HyperX Pulsefire Core Mouse Review
I’ve been reviewing HyperX products for a few years now, and something I really love about them is that they’re consistent. From their low-priced products to their most expensive surround-sound headset, they never cease to amaze me. They pack more than you’d expect into whatever I get from them, for the price they’re marked at, and the product of the day is no different. That product, of course, it the Pulsefire Core Gaming Mouse, which retails for about 40 bucks from any of their sellers.
Before I get into my experience with the mouse, let me just list the specs down below, which come right from the HyperX website.
|Resolution:||up to 6,200 DPI|
|DPI presets:||800 / 1600 / 2400 / 3200 DPI|
|Left / Right buttons durability:||20 million clicks|
|Backlight:||RGB (16,777,216 colors)|
|Light effects:||1 lighting zone and 4 brightness levels1|
|On board memory:||1 profile|
|Connection type:||USB 2.0|
|USB data format:||16 bits/axis|
|Weight (without cable):||87g|
|Weight (with cable):||123g|
In terms of a $40 gaming mouse, it does absolutely everything that you could want. It’s got 7 programmable buttons, eight basic DPI presets, a nice braided cable, and of course, RGB lighting. The lighting is basically completely pointless when you’re using the mouse, because it’s really only in the logo, which your palm is covering while you’re using it. Unless you hold the mouse like a claw machine, you’re never going to see those 16,777,216 colors, which is a slight shame. It doesn’t really detract from using the mouse though, and like I said before, it’s a pretty cheap mouse, so I’m not expecting a crazy light show.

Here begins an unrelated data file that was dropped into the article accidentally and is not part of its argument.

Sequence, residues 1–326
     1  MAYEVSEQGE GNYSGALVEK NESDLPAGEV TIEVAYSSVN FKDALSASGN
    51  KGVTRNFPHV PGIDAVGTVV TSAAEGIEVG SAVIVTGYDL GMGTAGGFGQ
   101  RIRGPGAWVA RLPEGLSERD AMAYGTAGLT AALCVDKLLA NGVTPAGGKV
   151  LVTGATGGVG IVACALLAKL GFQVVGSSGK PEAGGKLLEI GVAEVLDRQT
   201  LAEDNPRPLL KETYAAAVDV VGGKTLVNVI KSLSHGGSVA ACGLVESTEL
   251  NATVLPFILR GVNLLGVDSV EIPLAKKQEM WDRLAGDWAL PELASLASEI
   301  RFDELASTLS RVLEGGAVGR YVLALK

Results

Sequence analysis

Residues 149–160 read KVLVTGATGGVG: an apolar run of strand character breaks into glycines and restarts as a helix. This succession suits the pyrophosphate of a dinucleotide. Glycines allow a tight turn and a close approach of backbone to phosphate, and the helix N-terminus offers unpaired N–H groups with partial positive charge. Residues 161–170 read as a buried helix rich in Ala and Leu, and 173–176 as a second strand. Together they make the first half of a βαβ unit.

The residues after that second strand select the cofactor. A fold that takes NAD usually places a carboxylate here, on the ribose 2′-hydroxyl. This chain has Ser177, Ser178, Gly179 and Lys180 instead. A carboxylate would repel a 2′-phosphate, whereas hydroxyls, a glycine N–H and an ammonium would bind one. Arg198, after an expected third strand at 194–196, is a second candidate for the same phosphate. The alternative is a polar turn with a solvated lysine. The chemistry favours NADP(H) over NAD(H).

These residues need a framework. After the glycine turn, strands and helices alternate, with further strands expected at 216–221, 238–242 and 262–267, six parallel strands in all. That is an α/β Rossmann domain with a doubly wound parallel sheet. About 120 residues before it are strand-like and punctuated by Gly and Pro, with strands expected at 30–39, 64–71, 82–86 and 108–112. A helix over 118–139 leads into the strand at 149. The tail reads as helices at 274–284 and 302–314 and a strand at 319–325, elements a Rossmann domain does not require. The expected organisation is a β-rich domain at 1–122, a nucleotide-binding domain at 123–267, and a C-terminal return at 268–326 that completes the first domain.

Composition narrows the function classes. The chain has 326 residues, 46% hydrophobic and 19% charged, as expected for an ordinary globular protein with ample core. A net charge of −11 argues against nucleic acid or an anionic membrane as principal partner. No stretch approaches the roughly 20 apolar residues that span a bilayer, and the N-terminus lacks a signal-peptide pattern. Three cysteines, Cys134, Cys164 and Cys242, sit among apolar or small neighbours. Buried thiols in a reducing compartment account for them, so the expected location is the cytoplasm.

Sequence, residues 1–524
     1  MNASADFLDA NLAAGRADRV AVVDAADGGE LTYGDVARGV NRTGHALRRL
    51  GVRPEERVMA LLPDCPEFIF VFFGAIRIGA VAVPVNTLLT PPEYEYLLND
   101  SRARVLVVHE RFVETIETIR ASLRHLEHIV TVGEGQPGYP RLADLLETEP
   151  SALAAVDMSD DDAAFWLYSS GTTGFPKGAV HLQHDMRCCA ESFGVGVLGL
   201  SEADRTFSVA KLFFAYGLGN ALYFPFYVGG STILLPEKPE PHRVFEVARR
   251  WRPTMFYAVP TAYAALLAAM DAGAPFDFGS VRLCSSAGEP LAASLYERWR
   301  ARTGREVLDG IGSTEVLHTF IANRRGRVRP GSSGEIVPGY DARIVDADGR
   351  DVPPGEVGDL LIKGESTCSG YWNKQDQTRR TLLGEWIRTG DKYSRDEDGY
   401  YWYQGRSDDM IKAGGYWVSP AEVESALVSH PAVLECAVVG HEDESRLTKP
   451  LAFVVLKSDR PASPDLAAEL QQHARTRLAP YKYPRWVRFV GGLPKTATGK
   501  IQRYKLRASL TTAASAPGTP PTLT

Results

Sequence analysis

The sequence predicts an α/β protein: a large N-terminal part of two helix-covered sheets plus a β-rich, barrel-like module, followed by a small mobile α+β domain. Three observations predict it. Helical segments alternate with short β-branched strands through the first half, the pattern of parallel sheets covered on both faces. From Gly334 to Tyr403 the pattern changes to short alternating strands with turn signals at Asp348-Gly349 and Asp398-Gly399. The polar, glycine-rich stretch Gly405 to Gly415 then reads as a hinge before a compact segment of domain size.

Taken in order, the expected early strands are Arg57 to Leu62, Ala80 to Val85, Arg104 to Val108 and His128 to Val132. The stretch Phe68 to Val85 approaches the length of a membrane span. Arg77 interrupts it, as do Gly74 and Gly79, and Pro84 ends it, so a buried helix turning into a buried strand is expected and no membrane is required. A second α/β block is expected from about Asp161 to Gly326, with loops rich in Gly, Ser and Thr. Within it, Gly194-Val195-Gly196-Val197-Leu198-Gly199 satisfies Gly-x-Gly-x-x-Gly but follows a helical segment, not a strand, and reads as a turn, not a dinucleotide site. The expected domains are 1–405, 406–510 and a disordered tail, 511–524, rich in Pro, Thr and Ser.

At least it looks nice when it’s sitting at your desk.
The shape of the mouse is symmetrical, which is great for righties and lefties alike, and it’s extremely light. Not light in the sense that it feels cheap, but just light enough to set itself apart from similarly priced mice. It’s just a well-built, durable mouse, I used it for playing Overwatch, Bioshock, and extended work sessions with video editing. Across all three of those things, it performed extremely well, and that’s considering the fact the I normally use the Pulsefire Surge, their top-of-the-line mouse! The Surge definitely feels a little bit better to use, it’s higher quality, got a lot more to offer in terms of RGB, and feels a bit smoother to use. The Surge is one of the best mice I’ve ever used though, so that’s not to detract from the Core, it’s still a damn good mouse. If you’re putting together a Gaming PC rig, and trying to save money on peripherals, the Core is a fantastic mouse for the price. Even if you’re just looking for a more comfortable casual mouse to work with, it’s a great selection for that as well.
HyperX impresses me once again!
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